Some of his defenses were...
-The foreclosure problem in this country is really a story about 7 states
-The biggest foreclosure problem is in Michigan, Ohio and Indiana. These are predominantly manufacturing states
-Since 2001, Michigan has lost 300,000+ jobs
-The other 4 states are California, Florida, Arizona and Nevada. In each of these states there has been significant overbuilding. 25% of the foreclosures in these states are on properties that are held by investors who were speculating
-California & Florida have been hit very hard
-35% of the homes in the USA do not have a mortgage
-98% of the mortgages in the USA are performing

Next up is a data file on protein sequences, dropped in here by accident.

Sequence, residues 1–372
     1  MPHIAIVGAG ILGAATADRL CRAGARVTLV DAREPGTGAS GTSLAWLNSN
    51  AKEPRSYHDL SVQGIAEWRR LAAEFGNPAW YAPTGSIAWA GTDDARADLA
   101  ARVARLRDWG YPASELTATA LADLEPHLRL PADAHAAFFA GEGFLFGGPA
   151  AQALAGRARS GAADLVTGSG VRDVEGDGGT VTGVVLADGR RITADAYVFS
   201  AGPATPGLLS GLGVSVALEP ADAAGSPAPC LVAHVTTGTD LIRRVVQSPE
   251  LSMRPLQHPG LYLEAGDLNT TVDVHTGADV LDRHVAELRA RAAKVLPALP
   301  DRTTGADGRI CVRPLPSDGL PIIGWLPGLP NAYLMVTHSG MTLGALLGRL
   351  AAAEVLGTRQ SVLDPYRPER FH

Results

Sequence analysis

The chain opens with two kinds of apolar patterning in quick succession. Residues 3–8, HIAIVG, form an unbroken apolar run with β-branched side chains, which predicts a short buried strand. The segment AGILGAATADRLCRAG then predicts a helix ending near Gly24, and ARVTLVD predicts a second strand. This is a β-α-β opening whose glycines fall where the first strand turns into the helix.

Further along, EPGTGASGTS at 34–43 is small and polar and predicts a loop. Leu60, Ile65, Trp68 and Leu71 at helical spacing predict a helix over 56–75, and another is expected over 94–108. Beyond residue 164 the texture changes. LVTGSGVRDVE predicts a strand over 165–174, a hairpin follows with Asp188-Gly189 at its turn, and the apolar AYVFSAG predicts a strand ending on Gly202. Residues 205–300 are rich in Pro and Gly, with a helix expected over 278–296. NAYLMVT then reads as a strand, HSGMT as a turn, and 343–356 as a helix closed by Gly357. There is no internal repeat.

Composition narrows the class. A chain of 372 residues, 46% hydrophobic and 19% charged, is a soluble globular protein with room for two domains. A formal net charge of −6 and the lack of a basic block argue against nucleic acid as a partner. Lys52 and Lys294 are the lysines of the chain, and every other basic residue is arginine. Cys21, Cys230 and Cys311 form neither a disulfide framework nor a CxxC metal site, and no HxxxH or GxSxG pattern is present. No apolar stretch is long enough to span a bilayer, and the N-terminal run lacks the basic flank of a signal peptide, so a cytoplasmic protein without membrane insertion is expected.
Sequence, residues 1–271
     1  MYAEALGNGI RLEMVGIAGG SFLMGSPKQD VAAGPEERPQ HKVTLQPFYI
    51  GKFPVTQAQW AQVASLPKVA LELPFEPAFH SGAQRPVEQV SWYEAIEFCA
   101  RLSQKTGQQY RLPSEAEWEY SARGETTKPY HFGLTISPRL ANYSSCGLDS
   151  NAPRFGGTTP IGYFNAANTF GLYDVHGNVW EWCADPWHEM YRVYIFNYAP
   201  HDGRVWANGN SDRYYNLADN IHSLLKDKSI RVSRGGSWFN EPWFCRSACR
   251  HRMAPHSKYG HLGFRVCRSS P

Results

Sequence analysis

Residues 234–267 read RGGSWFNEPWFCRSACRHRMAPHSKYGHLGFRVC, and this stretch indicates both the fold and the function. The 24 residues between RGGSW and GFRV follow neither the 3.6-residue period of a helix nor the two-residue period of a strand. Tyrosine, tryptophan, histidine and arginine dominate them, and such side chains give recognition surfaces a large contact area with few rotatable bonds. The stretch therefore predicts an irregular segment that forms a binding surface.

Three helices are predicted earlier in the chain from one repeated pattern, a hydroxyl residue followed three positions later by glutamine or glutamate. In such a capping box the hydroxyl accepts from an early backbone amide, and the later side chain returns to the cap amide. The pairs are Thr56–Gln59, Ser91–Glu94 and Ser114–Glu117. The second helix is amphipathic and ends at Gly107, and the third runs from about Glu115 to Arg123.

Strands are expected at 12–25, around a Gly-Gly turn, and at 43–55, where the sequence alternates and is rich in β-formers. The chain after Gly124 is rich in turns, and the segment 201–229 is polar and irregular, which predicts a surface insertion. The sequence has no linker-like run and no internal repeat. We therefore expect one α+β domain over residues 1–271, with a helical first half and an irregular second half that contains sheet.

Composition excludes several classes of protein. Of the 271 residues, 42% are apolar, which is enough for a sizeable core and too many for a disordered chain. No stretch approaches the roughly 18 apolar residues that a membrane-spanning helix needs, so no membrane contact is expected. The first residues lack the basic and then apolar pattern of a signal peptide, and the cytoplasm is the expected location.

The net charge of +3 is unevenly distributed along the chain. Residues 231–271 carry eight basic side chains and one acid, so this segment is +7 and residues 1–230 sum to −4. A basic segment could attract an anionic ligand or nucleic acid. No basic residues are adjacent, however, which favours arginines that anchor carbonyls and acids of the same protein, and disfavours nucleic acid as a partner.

-Only 9% of all mortgages are sub-prime
-75% of all sub-prime mortgages are performing
-In the other 43 states, foreclosures have fallen in 2007 from 2006

Right now, our local inventory levels are half the national average and well-priced homes are selling fast.

Thanks Becky for always thinking of me for my posts!

Monday, February 25, 2008

$776.7 Million LISD Bond Proposed

The Lewisville school board on Wednesday called for a $776.7 million bond proposal to be placed on the May 10 ballot.

Trustees agreed to propose a $697.7 million package of new schools and athletic facilities, campus expansion and renovation projects, technology upgrades and land purchases. The board voted 4-3 to include a $79 million event center under a separate ballot proposition.

“We are a school district, not an entertainment entity, and I don’t see how it fits into our educational goals,” said Trustee Amber Fulton, who voted against proposing the center.